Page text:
What’s the Deal with Oils??

By admin | Blog

May 20

I found this article written by Mike Geary ~ not that I’m on board with everything he claims to be truth, but a well written article non the less.

To read the whole thing go to: http://www.truthaboutabs.com/unhealthy-vs-healthy-cooking-o…

Here are some highlights:

Most of what is labeled as “vegetable oil” is simply heavily refined soybean oil (processed under high heat, pressure, and industrial solvents, such as hexane)… sometimes perhaps it may also be heavily refined cottonseed, safflower, corn, grapeseed, or other oils too. In most instances, almost all of these processed oils are NOT HEALTHY for you.

The problem with soybean oil, cottonseed oil, corn oil, safflower oil, and other similar “vegetable oils” is that they are mostly composed of polyunsaturated fats (the most highly reactive type of fat) which leaves them prone to oxidation and free radical production when exposed to heat and light. Processed polyunsaturated oils are the most inflammatory inside our bodies because of their high reactivity to heat and light. This inflammation is what causes many of our internal problems to develop such as heart disease, cancer, and other degenerative diseases.

Note: It’s ok if a polyunsaturated fat source isn’t processed such as in whole foods like various nuts and seeds. Your best bet is to choose raw nuts and seeds whenever possible to avoid the oxidation of polyunsaturated fats that can occur during roasting of nuts and seeds.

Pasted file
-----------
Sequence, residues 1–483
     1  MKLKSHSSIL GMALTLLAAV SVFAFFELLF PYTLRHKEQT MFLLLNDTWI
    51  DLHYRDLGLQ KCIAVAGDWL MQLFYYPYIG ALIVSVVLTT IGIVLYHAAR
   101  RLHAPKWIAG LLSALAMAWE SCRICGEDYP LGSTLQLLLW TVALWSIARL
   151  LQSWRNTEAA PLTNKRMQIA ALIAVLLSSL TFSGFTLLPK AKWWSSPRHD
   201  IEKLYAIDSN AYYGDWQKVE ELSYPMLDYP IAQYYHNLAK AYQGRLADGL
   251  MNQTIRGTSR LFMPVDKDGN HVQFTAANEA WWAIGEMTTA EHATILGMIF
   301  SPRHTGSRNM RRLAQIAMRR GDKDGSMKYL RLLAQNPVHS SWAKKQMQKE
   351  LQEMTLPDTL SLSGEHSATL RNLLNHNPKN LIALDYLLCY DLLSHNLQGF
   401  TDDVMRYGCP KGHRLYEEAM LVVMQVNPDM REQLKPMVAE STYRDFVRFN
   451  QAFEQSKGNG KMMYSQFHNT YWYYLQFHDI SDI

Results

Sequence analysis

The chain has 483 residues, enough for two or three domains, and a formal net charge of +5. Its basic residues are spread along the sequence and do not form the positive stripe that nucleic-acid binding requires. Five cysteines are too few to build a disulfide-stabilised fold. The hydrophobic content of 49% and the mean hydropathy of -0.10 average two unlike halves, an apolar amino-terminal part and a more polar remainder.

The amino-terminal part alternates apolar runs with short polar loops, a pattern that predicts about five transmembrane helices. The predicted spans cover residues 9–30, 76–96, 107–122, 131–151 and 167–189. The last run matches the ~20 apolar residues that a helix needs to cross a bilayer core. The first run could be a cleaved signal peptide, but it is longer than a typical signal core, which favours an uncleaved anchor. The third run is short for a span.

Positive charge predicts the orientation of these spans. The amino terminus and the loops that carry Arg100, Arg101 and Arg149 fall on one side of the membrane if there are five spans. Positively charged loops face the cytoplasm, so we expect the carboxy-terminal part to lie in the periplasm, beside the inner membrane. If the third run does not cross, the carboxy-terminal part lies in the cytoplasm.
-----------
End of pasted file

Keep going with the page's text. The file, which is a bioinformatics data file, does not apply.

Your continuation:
Here’s the actual order of stability of a type of fat under heat and light (from least stable to most stable):

1. polyunsaturated 2. monounsaturated 3. saturated

Saturated fats are actually the healthiest oils to cook with!

This is why tropical oils such as palm and coconut oils (and even animal fats such as lard and butter) are best for cooking… they have very little polyunsaturates and are mostly composed of natural saturated fats which are the least reactive to heat/light and therefore the least inflammatory in your body from cooking use.

Saturated fats from tropical oils are actually good for you as they contain mostly medium chain triglycerides (MCTs) which are lacking in most people’s diets. In fact, lauric acid is one of the abundant MCTs in tropical oils and is known to strengthen the immune system. Lauric acid is even being studied currently in medical studies for controlling contagious diseases.

So based on this article I’ll be using the following:

A. Organic Coconut Oil (very stable at med-high temps and healthy fats) to cook with
B. Extra Virgin Olive Oil (only for low temp cooking) to make my salad dressings
C. Real Butter (grass fed butter) to bake with, but if I’m out I will use my Coconut Oil

You can get a huge 84 oz tub of Extra Virgin Organic Coconut Oil at Costco for $19.99!! It’s the best deal in town

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